The station operates on $75,000 a year. It is common for “NPR” (National Public Radio) format stations like KUER (out of Salt Lake City) to operate on 1.5 million dollars a year. Even KZMU’s “sister” community station in Salt Lake operates on over $600,000 a year. It is a small miracle that KZMU exists at all. You just don’t find very many non-profit community stations in towns the size of Moab. About $25,000 comes from a grant from Corporation for Public Broadcasting and the other $50,000 comes from the extremely generous listeners in Moab and businesses that underwrite KZMU’s programming. Donations are solicited twice a year during KZMU’s spring and fall radiothons. These fundraisers feature 10 days of highly energetic, creative shows that usually have special themes.

A few folks have a misconception about KZMU, namely that it is an "entity" with a political bias. KZMU is an informational outlet for a diverse collection of views not commonly heard. It's mission is served by offering thwe airwaves to those in the community who wish to be heard. The 66 DJ's that volunteer their time get the opportunity to express their views. Their opinions are their opinions - not those of anyone else. KZMU encourages the community to take advantage of free speech radio.

In spite of talk shows and personal opinions, KZMU is 95% music. Contrary to the controlled formats of other radio stations, KZMU has mostly 2-hours shows that feature whatever the host DJ wants to play. This approach allows total creativity and freedom. Each DJ can cultivate their audience without management intervention. Our local programming usually goes from 9am to 11pm. During the other hours, we are fortunate enough to broadcast a feed from KRCL, Salt Lake City’s great community radio station.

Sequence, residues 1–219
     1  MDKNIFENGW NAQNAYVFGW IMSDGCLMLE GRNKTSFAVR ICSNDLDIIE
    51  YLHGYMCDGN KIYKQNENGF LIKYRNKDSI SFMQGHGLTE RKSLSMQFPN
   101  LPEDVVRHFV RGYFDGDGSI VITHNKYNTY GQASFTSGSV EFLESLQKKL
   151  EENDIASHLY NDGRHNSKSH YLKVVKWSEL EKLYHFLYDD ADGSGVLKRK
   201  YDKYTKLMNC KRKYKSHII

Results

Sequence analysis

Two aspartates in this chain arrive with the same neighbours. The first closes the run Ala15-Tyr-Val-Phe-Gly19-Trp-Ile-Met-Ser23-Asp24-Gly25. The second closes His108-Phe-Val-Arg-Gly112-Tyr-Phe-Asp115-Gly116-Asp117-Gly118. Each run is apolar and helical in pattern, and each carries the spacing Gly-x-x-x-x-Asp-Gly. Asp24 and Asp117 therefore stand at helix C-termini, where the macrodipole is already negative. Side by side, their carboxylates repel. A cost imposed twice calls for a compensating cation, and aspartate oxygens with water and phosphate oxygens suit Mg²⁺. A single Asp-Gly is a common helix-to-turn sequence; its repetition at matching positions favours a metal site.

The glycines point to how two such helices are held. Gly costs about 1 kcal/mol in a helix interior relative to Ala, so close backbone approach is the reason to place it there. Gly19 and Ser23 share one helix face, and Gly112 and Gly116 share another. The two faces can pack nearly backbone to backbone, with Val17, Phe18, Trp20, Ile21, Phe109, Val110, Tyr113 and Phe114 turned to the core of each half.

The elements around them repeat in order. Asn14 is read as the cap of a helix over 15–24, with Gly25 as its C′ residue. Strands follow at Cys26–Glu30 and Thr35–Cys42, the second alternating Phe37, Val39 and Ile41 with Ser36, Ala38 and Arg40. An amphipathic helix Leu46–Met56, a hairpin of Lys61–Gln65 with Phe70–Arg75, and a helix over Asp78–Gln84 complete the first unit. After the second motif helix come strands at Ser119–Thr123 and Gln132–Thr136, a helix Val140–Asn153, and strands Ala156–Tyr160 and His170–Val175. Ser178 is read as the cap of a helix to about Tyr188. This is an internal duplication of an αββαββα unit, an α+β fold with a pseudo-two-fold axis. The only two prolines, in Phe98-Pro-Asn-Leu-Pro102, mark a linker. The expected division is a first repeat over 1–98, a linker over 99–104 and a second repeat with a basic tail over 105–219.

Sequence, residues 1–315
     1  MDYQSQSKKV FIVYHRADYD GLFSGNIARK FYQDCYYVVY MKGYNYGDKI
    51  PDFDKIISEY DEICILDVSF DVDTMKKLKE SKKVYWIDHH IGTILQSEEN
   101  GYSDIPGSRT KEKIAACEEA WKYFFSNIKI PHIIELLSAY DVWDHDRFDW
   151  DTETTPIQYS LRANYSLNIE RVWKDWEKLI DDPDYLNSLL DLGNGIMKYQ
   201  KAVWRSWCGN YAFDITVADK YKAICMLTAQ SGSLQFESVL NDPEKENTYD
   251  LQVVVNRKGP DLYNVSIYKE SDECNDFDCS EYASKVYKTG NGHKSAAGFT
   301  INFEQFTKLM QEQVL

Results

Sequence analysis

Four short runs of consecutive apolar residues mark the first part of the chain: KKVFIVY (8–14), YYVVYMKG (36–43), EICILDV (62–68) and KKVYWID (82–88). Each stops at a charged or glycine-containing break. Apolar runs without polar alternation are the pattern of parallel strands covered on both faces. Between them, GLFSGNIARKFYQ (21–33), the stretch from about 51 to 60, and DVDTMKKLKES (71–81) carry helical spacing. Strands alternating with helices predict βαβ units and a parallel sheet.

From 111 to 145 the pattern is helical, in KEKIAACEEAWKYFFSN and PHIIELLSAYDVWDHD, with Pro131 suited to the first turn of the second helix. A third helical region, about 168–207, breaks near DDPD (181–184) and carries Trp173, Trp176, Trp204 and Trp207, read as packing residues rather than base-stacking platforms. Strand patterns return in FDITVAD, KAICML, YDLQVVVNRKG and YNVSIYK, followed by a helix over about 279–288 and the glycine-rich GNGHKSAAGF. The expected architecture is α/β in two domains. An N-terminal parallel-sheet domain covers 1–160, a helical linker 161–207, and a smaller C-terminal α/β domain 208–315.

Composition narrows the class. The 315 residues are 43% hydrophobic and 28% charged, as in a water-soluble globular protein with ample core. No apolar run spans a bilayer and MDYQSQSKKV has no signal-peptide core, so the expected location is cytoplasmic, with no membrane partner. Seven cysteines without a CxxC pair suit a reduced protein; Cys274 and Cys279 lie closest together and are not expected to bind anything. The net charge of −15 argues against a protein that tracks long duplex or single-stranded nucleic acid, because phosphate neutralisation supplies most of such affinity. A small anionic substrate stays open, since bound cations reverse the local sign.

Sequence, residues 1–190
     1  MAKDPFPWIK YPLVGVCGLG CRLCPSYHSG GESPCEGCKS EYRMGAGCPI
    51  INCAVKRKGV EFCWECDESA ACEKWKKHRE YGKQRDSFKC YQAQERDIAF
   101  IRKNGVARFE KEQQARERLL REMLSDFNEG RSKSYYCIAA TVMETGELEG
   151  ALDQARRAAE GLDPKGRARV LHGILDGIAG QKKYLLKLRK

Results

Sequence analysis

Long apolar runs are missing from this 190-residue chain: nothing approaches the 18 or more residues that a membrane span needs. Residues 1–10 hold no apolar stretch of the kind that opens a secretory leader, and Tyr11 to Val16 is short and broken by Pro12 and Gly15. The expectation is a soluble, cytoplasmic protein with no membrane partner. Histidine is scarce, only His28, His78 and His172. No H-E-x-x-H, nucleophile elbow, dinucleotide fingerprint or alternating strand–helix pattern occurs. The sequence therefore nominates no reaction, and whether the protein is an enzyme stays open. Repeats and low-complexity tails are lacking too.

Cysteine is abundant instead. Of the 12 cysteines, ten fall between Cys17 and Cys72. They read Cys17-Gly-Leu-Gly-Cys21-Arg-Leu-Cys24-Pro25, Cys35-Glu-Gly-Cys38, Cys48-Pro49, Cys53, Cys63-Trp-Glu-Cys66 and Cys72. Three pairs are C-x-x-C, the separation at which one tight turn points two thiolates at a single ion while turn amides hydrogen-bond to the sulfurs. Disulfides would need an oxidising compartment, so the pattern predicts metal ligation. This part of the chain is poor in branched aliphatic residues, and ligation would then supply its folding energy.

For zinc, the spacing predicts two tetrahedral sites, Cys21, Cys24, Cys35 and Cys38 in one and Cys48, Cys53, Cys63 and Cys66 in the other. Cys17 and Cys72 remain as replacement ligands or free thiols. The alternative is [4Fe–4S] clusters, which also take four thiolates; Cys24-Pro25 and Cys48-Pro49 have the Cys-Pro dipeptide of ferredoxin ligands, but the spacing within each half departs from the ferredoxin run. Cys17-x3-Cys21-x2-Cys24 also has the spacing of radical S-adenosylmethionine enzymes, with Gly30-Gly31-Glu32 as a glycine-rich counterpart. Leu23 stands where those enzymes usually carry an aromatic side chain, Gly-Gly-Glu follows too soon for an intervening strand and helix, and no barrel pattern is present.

Aside from showcasing jazz, blues, folk, bluegrass, country, Americana, Latin American, African, Celtic, reggae, Native American, Broadway musicals, big band, electronic and all kinds of rock ‘n roll, there is “Children’s Shine Time” on Saturday mornings where a parent and child (usually between age 6 – 8) play children’s music. Also broadcast are City and County Council meetings, an all Spanish show for Moab’s Hispanic community, live music and interviews with musicians who are playing in town. The hilarious Trading Post show that is hosted by the thespian/comedic Kiffmeyer brothers who keep the laughs coming for 90 minutes. A program guide can be found in the Moab Happenings. In a world of television, print, and radio media that is overwhelmingly impersonal, over-commercialized, canned, controlled and censored, KZMU is a breath of fresh air. It’s real, involving real people who live right here in Moab who share their favorite music with the community. KZMU radio is about DJ’s giving to the listeners and the listeners giving back in the form of donations twice a year.

Manager Jeff Flanders summed it by saying “KZMU connects the listener to the community in a fun and entertaining way. It’s not particularly polished, we don’t always know what we’re going to do next, but you can be sure that whatever you hear will be spontaneous, fun and full of positive energy. Indeed, our mission statement reads that KZMU’s mission is to inform, educate, engage, entertain and delight’. Like the call letters say, ‘Krank Zee Music Up!’

© 2001 Moab Happenings. All rights reserved. Reproduction of information contained in this site is expressly prohibited.